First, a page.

Member of the Tribe

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I came across Teff Tribe when I was invited to a dinner to launch the product. I attended, ate myself into oblivion, discovered an awesome new healthy substitute to rice (can I get an amen?) and met the people behind the brand whose ethos is small things matter. That every little bit we do help someone else, matters. Needless to say, they had me at hello.

Teff, in a nutshell ( actually it’s not in a nutshell), is a grain. A very small one. In fact, it’s the smallest grain you can get. It’s found in Ethiopia and can grow in any sort of weather element. Apart from its tiny proportions, what’s so great about this grain I hear you ask? Here goes.

It’s full of protein, low in GI, high in fibre, high in iron, something about resistant starch (didn’t know that was a thing, but yay for healthy intestines!), no gluten, no nuts and it’s full of calcium and a great dairy alternative for vegans! And if that doesn’t make you feel like running with pace to their online store, here’s what you do with it..their words, not mine…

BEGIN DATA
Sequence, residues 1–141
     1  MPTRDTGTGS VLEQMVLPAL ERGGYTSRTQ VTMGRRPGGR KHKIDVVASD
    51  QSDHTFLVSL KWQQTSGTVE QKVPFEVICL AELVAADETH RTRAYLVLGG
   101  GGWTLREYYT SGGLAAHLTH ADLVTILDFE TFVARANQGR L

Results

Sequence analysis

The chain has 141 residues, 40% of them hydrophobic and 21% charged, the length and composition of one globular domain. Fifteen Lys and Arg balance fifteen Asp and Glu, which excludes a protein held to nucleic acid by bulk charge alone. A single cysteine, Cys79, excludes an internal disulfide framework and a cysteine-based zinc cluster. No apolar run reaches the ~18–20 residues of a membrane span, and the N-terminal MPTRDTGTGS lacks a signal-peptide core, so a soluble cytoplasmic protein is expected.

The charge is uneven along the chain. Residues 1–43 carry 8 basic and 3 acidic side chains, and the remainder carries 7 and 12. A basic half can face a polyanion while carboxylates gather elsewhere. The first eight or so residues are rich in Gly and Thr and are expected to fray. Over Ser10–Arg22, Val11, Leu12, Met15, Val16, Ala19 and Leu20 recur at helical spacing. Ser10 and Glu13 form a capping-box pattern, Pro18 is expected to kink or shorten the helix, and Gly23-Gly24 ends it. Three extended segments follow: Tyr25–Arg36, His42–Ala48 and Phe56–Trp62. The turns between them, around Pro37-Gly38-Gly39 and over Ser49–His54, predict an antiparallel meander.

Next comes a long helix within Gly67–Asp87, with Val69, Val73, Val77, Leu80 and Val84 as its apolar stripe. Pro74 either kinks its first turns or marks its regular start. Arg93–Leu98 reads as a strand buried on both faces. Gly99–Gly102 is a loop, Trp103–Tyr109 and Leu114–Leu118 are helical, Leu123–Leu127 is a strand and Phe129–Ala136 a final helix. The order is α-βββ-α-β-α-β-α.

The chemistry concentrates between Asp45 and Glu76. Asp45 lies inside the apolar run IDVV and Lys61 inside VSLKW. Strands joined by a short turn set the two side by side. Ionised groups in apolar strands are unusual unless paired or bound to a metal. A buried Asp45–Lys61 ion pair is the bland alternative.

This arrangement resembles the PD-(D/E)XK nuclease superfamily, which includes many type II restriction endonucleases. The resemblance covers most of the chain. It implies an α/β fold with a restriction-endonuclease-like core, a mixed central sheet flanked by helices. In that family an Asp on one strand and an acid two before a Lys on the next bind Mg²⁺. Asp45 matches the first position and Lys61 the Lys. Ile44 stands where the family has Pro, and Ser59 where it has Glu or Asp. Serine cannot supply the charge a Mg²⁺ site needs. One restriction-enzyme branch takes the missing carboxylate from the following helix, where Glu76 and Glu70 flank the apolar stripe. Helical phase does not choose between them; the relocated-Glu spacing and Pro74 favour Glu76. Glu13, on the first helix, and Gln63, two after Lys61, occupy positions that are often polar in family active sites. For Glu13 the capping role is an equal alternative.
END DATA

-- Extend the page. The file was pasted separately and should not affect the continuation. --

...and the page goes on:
‘Teff can be blended into a smoothie for added texture, or boiled whole to use as a rice substitute. It can be made into porridge for breakfast, or pancakes using our flour. It can be baked in a cake, sprinkled over a salad, and made into bread. Put simply, teff can replace any flour or grain in a recipe as the light nutty flavour works well from sweets through to savoury. And especially well with chocolate.’

Here are some delicious recipes to try.

Here’s the best part. For the month of February Teff Tribe will be donating 25% of all their sales to their non-profit charity partner Ethiopiaid. Ethiopia, where the grain originates from, is in the face of the most devastating drought in 50 years. Donations will go towards making someone’s life, healthier and safer. You can read more about what Teff Tribe hopes to help with here.

Pretty great right?

Jane Lengope, 40, poses in her home in the village of Umoja, Samburu, Kenya on February 19, 2015.

Judi Lerumbe, 21, stands by her home in the village of Umoja in Samburu, Kenya on February 19, 2015.
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A teenager breast feeds her baby in a rural area outside Bahir Dar, Ethiopia, Aug. 16, 2010. Her husband was maimed shortly after they were married and her lack of education means she must live with her family indefinitely.

Maternal health

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Yenege Tesfa - home for tomorrow girls

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